Stocking Up

It may look worrisome, but in most cases swelling in a horse’s lower legs can be managed with a few simple steps.
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QMy 12-year-old Paint/Arabian-cross gelding lives in a roomy paddock with a run-in shed. Fairly frequently, I notice swelling in all four of his legs. He’s not lame or uncomfortable, and when I ride him the swelling usually goes away, but then he swells up again overnight. Why is this happening? Should I be worried? Is there anything I can do to control the swelling, or should I just ignore it, as it doesn’t seem to bother him?

Regular turnout and exercise can help manage swelling associated with edema.

Regular turnout and exercise can help manage swelling associated with edema.

Lynne Cook, California

A Most commonly, this type of swelling, called “stocking up,” occurs when fluid pools in the tissues of your horse’s lower legs (called edema) during periods of inactivity. When your horse is exercised, the fluid is mobilized into his circulation and his legs return to normal.

To determine if the swelling in your horse’s legs is “stocking up,” apply pressure with your fingers over a swollen area. The pressure will cause pits in your horse’s skin (hence the term “pitting edema”)—similar to what you’d see if you press your fingers into bread dough that’s risen. It shouldn’t cause him pain when you apply pressure, and the pits you created will slowly fill in as the fluid returns over a period of 30 to 60 seconds.

Many horses, especially as they age, will experience stocking up with no apparent underlying cause. In most cases, edema can be easily managed and should not be cause for concern. Daily turnout and regular exercise are imperative for a horse who stocks up, so it sounds like you’re on the right track in managing your gelding’s problem correctly.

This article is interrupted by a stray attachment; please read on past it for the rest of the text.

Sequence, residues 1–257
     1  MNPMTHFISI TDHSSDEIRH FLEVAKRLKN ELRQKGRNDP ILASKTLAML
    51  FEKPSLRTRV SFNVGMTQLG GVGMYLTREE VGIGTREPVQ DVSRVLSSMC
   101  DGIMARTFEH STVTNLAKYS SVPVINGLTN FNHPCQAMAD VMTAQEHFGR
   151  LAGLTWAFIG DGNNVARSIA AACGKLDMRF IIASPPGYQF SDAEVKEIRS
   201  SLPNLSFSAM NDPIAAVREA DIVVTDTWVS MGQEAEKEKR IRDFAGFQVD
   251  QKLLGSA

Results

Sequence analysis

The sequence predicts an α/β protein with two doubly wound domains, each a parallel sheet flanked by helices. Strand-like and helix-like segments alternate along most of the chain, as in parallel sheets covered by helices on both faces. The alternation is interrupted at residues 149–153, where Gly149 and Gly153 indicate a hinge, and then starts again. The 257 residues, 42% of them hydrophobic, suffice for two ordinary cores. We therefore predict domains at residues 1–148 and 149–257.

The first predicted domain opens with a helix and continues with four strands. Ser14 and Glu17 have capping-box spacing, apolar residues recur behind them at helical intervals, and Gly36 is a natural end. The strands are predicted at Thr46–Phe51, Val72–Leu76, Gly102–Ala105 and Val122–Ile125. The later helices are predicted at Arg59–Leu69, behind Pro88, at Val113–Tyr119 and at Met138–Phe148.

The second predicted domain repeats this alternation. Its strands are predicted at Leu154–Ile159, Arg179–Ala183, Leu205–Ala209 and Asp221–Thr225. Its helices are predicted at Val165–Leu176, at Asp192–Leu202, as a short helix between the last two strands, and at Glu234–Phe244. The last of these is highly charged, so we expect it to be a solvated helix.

You might also consider supporting him with stable bandages when he’s not working to minimize the swelling. Some horses who consistently stock up fare better when kept wrapped. Be aware, however, that if you decide to bandage him, it’s critical you know how to do it properly. The wraps must be kept clean and dry, and they need to be changed daily. You also need to pay close attention to your horse’s skin underneath the wraps to be sure he doesn’t develop scabbing, crusting, or hair loss due to moisture accumulation underneath the bandages. 

In rare cases, an underlying medical problem can contribute to stocking up. If this is your horse’s case, you might notice fluid accumulation underneath his belly or in his sheath. Specifically, heart disease can lead to edema, because the heart becomes inefficient at pumping blood, causing fluid to pool as a result. 

If your horse is experiencing any degree of heart failure, you’ll likely notice additional signs, such as exercise intolerance, that might be cause for concern.

Liver disease can also cause edema. When the liver suddenly decreases its protein production, fluid often leaks into surrounding tissues. Symptoms of liver problems include weight loss, diarrhea, or other signs of unthriftiness, such as a rough hair coat.

A viral disease or an allergic reaction can also cause leg swelling, but such swelling would be more likely to occur suddenly, rather than persistently as you describe. 

 If you’re concerned something more serious than stocking up is affecting your gelding’s health, schedule an appointment with your veterinarian for an exam. He or she can listen to your horse’s heart, and may suggest a set of basic laboratory tests to evaluate his liver function and overall health. 

If everything checks out normally, your horse is probably just experiencing edema, and turnout and regular exercise should keep the swelling to a minimum.